Products such as nursery equipment, incubation equipment, cages, perches, and other necessary supplies will become hard to find. Without large demand, food companies will limit product development and research into nutrition. Aviculture will return to old methods of feeding. Cages will be hard to find.

Companion birds will be limited to a few species. Others will be too expensive or not available at all. Color mutations and other “hobby” types of breeding may prevail, again expanding certain species availability while eliminating other less desirable species.

Bird specialty stores are already becoming rare or uncommon due to pressure from chain super pet stores and internet sales. In the future it may be difficult for potential buyers to actually see and interact with a bird before they purchase, instead depending on photos and descriptions from internet listings. If current trends prevail, aviculture will focus on ever smaller number of economically important species. Zoo and specialty collectors may be only place to see many species

Restrictive laws are surfacing on the state and local level that may limit localities where one is able to own birds. Noise ordinances and complaints from neighbors force many people to give their birds up.

Those interested in preserving aviculture need to band together to fight adverse legislation. This will require support and membership in industry self-regulatory programs that enhance avicultural practices and bring avi- culturists together working for common causes.

At some point if current trends persist, the industry as it is known will basically collapse from the reduction in bird and supply sales. Initially this phenomenon will affect retailers and breeders, then manufacturers and dis- tributors. Avian veterinary offices will have a more prolonged decline due to the life span of psittacine species. But over time, they too will feel the effects of an ever-shrinking client and patent base.

In many ways, aviculturists and avian veterinarians have drifted apart. Again this is based on economics. Breeders working on a low-profit margin find it difficult to pay ever-escalating veterinary fees. They resort to their own diagnostic and therapeutic regimens, some of which are effective and some not so effective. Laboratories provide direct disease testing to aviculturists who are then faced with challenges in interpretation and management of disease issues. As veterinarians see the time invested with aviculture being “less economically rewarding,” they find little incentive to learn about the unique challenges of avicultural medicine. The once strong bond between aviculture and avian medicine is eroding.

How Can We Mold a Positive Future?

First and foremost unity in the industry is needed, with all working toward the goal of solving problems. In the information age, education of current and future pet bird owners will be paramount to creating a tipping point towards enlightened bird ownership. This educational effort should be part of operations for all aspects of the industry. Topics of vital interest include making sure each new bird gets off to a good start, as well as train- ing to solve or prevent behavioral problems. Cooperation is needed to refute the concepts of poor care such as “Birdy Mills.” Substandard facilities should be improved. Standards of excellence should be established and adhered to. Avian veterinarians should support the educational efforts of bird specialty stores, breeders, rescues, veterinarians, etc.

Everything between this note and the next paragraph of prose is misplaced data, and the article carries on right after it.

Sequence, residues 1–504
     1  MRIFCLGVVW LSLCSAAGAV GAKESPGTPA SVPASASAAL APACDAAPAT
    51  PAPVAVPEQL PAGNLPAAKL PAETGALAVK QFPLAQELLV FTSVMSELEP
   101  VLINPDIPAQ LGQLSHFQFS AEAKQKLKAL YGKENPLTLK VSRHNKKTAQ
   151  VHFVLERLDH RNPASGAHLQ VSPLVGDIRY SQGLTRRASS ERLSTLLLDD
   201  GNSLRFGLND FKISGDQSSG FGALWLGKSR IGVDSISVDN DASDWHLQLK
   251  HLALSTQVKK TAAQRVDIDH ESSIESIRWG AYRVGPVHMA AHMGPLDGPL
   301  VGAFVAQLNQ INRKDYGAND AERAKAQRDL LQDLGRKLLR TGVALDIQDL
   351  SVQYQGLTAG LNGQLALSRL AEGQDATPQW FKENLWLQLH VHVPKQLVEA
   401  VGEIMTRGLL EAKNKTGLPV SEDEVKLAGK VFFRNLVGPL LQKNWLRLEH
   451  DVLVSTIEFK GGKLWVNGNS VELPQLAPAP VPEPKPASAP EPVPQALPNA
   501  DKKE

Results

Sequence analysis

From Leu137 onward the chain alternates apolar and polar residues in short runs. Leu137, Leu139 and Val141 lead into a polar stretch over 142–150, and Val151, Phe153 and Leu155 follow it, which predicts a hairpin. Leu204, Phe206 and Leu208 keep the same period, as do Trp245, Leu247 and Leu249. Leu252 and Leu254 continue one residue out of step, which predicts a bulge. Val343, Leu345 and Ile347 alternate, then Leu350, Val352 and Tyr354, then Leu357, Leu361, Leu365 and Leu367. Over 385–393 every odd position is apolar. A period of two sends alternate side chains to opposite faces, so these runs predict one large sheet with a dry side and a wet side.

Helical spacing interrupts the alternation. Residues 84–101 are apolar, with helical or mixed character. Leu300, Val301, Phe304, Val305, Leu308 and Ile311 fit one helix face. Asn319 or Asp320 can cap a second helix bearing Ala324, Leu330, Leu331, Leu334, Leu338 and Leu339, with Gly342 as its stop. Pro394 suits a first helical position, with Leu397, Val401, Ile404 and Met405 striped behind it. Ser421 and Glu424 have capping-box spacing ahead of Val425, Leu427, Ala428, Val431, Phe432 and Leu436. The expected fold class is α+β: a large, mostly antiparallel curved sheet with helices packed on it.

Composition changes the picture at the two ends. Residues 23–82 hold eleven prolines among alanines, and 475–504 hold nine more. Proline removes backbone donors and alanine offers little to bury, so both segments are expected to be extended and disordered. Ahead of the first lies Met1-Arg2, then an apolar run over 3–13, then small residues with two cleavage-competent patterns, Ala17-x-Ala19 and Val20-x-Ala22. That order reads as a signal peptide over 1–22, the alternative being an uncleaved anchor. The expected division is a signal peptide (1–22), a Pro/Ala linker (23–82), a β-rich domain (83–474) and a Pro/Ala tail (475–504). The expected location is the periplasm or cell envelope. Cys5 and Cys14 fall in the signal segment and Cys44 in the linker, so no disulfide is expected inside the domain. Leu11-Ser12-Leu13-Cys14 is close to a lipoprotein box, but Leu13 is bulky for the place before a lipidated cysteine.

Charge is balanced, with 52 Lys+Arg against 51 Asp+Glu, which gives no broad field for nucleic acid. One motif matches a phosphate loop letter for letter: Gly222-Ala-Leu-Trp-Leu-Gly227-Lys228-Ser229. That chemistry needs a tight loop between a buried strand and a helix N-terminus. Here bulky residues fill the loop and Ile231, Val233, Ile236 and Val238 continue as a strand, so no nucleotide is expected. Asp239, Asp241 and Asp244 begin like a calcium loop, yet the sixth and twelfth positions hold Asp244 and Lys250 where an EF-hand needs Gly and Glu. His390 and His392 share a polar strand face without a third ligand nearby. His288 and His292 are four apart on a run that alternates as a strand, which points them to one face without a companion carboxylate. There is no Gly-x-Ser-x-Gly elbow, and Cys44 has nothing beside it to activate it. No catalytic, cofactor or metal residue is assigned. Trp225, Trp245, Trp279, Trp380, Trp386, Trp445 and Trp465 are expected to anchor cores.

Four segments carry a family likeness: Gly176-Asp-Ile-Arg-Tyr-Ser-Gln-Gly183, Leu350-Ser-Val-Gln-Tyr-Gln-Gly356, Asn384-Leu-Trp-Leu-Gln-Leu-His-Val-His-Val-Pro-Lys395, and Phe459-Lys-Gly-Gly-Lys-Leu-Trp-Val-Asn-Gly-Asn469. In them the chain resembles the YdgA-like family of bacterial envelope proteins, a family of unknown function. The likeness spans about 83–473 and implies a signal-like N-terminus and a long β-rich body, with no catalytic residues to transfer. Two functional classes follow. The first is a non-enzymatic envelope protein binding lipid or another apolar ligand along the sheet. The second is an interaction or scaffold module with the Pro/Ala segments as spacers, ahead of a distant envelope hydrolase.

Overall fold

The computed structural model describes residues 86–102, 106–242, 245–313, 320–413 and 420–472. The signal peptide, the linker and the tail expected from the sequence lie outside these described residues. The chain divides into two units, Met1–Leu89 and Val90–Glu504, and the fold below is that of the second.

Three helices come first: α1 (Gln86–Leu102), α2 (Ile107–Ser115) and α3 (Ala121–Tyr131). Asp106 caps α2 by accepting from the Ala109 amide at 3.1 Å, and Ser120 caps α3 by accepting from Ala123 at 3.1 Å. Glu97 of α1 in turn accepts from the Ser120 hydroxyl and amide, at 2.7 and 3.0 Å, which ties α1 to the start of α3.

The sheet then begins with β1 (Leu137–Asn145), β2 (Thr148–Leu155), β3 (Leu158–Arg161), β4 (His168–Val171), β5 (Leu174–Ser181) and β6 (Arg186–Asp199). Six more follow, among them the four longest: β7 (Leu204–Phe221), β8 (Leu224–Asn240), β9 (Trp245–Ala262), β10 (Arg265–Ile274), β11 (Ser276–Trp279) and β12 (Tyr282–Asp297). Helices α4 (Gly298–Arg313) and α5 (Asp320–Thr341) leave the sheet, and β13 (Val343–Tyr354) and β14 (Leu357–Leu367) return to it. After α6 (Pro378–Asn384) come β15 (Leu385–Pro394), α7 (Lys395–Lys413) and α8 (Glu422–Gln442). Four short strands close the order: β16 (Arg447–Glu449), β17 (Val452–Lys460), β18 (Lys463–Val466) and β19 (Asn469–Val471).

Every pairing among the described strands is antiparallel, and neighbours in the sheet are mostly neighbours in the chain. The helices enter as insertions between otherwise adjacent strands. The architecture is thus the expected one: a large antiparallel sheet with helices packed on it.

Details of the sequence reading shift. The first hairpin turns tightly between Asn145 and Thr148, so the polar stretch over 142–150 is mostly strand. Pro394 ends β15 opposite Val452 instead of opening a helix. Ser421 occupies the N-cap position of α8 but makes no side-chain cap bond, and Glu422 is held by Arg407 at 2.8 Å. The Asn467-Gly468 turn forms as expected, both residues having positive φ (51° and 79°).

All involved with the industry can assist in taking in, caring for and ultimately rehoming unwanted birds. Hord- ing of adoptable birds by sanctuaries and rescue organizations should be recognized as problematic. There is a demand for adoption of birds which are suitable for use as pets, and want to be pets. Rehoming of adoptable birds will free up sanctuary space for retired breeders which don’t have “pet potential.”

The strength of the industry requires that interested parties work together, buying bird products from good merchants, attending meetings and conferences, and supporting avicultural groups. Presenting an honest, but positive image of the human avian bond and the joy that a well-behaved, healthy, well-cared-for pet bird can bring to their owner, can fight negative misinformation about owning a bird. Rescues which rehome birds should be supported.

Avian veterinarians and aviculturists need each other. Both groups must search for equitable ways to continue to work together in a changing economy. The “new normal” should be a well-trained, delightful, companion bird that will enchant people with not only their beauty and speaking ability, but also their behavior.

If current trends continue unchanged, pet stores of the future will have very limited selection of species–basically cockatiels, budgies, lovebirds (if we can control psittacines beak and feather disease), sun conures, Indian ring- necked parakeets, and red-rumped parakeets. Aviculturists should be encouraged to adopt a declining species, keep a few pairs, and work to establish and protect genetic diversity so the next generation of aviculturists will have parental stock. Parent rearing, when possible, may help to maintain normal breeding and parental behaviors.

Aviculture and the pet bird industry requires avian veterinarians to do their part. They should share their interest in birds with others, especially with young people.Rather than discouraging others from enjoying birds, they shouldhelp people do their best in keeping captive birds and should be the one source that people could trust to get the real scoop. In this way it is possible to build a future in which aviculture and pet bird ownership are once again celebrated and enjoyed so all can appreciate the beauty and wonder of birds and pass these living resources on to future generations.

Recommended Reading

1. Findings and Recommendations of the Cooperative Working Group on Bird Trade. Washington, DC: World Wildlife Fund; 1990.

2. Clubb SL. Laws and regulations affecting aviculture and the pet bird industry. In: Altman RB, Clubb SL, Dorrestein GM, Quesenberry KE, eds. Avian Medicine and Surgery. Philadelphia, PA: WB Saunders; 1997.

3. Jordan R. Is there a future for aviculture? Paper presented at: Parrot Festival; January 28–30, 2011; Houston, TX.